I take it, then, that you prefer to work in analog.

Yes. All of my mastering work is done in the analog domain, unless something comes in on a digital source, but we prefer to work all analog as long as possible.

And the other room?

The other room is our digital suite that’s equipped with a full Sonic Solutions system, and in this room we have an array of digital gear and converters that we’re using, Apogee PSX 100s, AD122s. The monitors in the second room are Genelec 1030As, again with a subwoofer.

Did you design the rooms yourself?

Yeah. Our building was built in the mid-1800s. It’s right on the Hudson River, and by saying that, I mean you could literally throw a rock out the window and plunk it in the river! It’s a beautiful location, and the rooms upstairs are just naturally great-sounding rooms, to the point where we have a lot of people looking to work here, but the rooms already go, well, not 24 hours a day, but they easily could if I could go 24 hours a day! We just purchased another historic building just across the street. We will be putting another studio on the third floor there and use the additional space for the mountains of graphic and Web work that go on here.

Who are the other technical people on your staff?

There’s Al Quaglieri. He’s from my neck of the woods. When we first considered starting Sundazed, I took inventory of some of my closest friends and their various talents, and Al is one of the first guys I went to, because along with being a musicologist, he has wonderful studio chops. So, he and I together have worked on many, many projects. Al mastered most of The Meters releases that we did here. I also want to mention our assistant, Jayme Pieruzzi, who does a lot of Sonic editing and cleanup work.

Tell me about the Sundazed process. What happens from getting the permissions for an idea until its release?

That really varies from release to release. There are times, though not often enough, we’ll get what we refer to as a “project in a box,” when the licensor delivers all the multis and the masters to the door, along with a wide array of photos, and a great set of liner notes!

More often, we’re working five or six months ahead of ourselves on the release schedule. Here’s the breakdown: Tim Livingston and my wife Mary basically run the entire show here at Sundazed. They supervise a talented staff that includes both Efram Turchick and Stephanie Kennedy, who are in effect the general information officers and production coordinators of Sundazed. They are the conduit through which all components for a release will flow to get to the appropriate departments. They make sure that I have all the tapes here for the project when studio time is scheduled, make sure that Rich Russell, head of our design department, has all the photos and elements needed, that the liner note writer has been assigned and delivers on time, get appropriate ref’s out, etc.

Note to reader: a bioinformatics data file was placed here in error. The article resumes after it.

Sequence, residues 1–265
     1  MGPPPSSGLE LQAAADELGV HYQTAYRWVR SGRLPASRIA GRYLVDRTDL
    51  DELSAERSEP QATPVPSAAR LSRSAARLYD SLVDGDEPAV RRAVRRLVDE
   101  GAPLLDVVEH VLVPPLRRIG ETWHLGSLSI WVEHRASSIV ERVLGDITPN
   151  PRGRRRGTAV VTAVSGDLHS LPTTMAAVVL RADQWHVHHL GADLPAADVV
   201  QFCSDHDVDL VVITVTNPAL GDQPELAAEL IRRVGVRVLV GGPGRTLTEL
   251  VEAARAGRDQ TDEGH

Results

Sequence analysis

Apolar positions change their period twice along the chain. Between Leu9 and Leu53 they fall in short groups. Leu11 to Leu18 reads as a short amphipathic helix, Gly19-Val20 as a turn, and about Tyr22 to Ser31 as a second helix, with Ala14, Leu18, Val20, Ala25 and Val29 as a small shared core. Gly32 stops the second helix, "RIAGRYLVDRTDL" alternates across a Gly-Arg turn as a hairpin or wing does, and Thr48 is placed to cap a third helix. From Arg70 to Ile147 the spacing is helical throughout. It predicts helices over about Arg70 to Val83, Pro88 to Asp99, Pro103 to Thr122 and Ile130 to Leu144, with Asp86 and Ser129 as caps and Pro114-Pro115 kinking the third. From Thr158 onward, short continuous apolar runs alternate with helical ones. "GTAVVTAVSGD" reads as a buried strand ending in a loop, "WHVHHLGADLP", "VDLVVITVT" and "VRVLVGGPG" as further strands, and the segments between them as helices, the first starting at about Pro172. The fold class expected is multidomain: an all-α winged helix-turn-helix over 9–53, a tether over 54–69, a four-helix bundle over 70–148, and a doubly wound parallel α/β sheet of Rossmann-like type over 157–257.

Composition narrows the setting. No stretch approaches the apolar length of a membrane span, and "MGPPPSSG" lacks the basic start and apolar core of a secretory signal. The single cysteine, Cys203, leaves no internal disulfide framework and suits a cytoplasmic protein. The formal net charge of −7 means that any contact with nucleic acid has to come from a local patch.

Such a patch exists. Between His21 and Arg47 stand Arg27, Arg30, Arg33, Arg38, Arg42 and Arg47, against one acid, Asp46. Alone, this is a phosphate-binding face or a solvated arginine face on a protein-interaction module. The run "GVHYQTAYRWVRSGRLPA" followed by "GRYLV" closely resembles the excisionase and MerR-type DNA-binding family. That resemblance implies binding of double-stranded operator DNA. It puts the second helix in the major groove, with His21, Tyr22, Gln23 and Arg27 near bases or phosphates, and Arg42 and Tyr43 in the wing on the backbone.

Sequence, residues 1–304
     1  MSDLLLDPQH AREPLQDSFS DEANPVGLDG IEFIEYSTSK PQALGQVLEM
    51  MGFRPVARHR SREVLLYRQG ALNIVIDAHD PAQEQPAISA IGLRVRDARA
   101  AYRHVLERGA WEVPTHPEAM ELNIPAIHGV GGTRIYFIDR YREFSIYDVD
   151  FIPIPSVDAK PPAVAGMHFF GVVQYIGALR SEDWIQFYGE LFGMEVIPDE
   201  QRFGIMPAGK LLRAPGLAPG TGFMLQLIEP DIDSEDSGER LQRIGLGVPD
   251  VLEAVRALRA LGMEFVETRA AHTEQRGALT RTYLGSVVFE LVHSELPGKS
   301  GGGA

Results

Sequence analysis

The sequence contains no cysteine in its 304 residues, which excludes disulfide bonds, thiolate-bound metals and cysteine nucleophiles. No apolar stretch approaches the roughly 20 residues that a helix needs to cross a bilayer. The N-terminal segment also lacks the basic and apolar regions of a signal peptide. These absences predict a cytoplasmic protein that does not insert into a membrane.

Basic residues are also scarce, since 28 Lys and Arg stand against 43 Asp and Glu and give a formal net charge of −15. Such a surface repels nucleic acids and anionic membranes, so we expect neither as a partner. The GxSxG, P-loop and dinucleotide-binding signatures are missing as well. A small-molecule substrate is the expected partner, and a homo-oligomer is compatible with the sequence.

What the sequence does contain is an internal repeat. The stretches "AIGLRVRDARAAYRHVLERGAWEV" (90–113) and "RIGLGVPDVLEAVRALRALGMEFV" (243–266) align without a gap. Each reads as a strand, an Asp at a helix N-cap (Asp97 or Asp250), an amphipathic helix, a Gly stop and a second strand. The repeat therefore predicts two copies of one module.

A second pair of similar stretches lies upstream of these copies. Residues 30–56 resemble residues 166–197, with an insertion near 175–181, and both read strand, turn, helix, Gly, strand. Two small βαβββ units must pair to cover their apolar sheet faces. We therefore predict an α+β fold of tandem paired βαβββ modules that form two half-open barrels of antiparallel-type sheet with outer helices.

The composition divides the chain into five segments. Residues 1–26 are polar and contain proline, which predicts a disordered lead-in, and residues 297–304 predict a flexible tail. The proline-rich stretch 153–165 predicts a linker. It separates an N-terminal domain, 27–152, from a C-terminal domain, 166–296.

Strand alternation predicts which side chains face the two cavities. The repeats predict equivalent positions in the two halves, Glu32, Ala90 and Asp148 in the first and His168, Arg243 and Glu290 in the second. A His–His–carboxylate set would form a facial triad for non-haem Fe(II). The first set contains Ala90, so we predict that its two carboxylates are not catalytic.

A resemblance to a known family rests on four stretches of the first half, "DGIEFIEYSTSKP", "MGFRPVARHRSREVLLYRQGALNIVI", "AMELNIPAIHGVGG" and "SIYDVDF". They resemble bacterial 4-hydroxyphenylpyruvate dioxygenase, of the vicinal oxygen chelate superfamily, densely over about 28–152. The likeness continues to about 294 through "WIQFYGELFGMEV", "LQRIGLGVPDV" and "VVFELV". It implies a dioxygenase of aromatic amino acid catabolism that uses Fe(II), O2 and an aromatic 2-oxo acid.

Once a project idea is put down on paper, the potential licensor is contacted and, hopefully, a deal will be struck. That process can take anywhere from a day to a year. The agreement could be with an original producer, or an artist who owns their original masters, or with a major label. So, the process of getting a project onto the schedule can be rather involved. Once that’s taken place, we always like to sort through all the masters up front, so that we have the most cohesive and deepest A&R possible. We want to find out if there’s any unreleased material that might warrant being included, uncover any rare material, etc.

I’m assuming that your goal is to go back to the original masters whenever possible.

Absolutely. Al and I cut our teeth by digging around tape vaults for a good 10 years before Sundazed started, so we enjoy getting dirty and touching tape! A good example would be a project we’re working on right now for our soul series. Oscar Toney Jr., an artist from the ’60s, recorded a tremendous album for the Bell label along with a handful of wonderful singles, and because of our sleeves-rolled-up archeology, we now have the luxury of being able to work with all of the multitracks, all of the original mixdowns, session reels, and more.

Who had them?

Arista Records controls the Bell Records catalog, so the project is licensed from Arista. It’s wonderful when all the masters are delivered here, then the real fun begins when you start combing through all the multitracks to see what’s there. And in the case of Oscar Toney, we found a bevy of wonderful demos and outtakes, and because we have the vintage 1-inch 8-tracks and half-inch 4-tracks, we’re able to create some beautiful first-time stereo mixes. While we’ve never looked to be involved in revisionist history, we enjoy being able to present things in stereo when there are recordings that make for good stereo. That said, simply having a multitrack doesn’t necessarily mean that you can have championship stereo. It usually has to have been recorded with a potential stereo mix in mind. But sometimes, due to the budget constraints or time constraints at the time, there was no stereo mix done. That’s where we’ll step in.

With that in mind, tell me about your philosophy as a mastering producer. What’s more important to you: perfect fidelity, or recordings that are historically accurate?

It’s always the music first. At Sundazed, we say that we want our consumer to get a history lesson, but not know that they’re getting one. It has to be fun, for sure. We try not to be analytically dry in our packages. Everything we do is presented in an upbeat, authentic, fun way, and that means that the music definitely comes first. If the question is, do we have a track that’s an astounding performance where the fidelity is less than exceptional, we would most likely opt to use that performance, with the artist’s sanctioning, of course. The artists are involved in every release, whenever possible.

What we include also depends on the amount of material we have to work with. We just finished creating a Mighty Sam McClain package. Mighty Sam is enjoying a renewed career right now as a contemporary blues artist, but previously made some phenomenal R&B records in the ’60s. For this package, there was such a wealth of material, it was either increase the track listing, which we did do, or go to a two-CD set, which we did not do, and that meant that some things had to be left behind.

When you have, as we did, 22 or 24 stellar tracks, and your track listing is confined to 20 cuts, then we might look at the sonics of a cut or two to see if that is perhaps the track that should be left off the package. But I don’t want to make it sound like that’s what we’re shopping for, because we’d never leave an important, wonderful cut off because it was lacking in stellar fidelity. In the case of Mighty Sam, we had a wonderful bounty of performances. There were two or three demo sessions that we thought the performances were wonderful on, but on some of the cuts you could hear the limiters overloading, and we did make a couple of choices and excluded a couple of songs based on that criteria.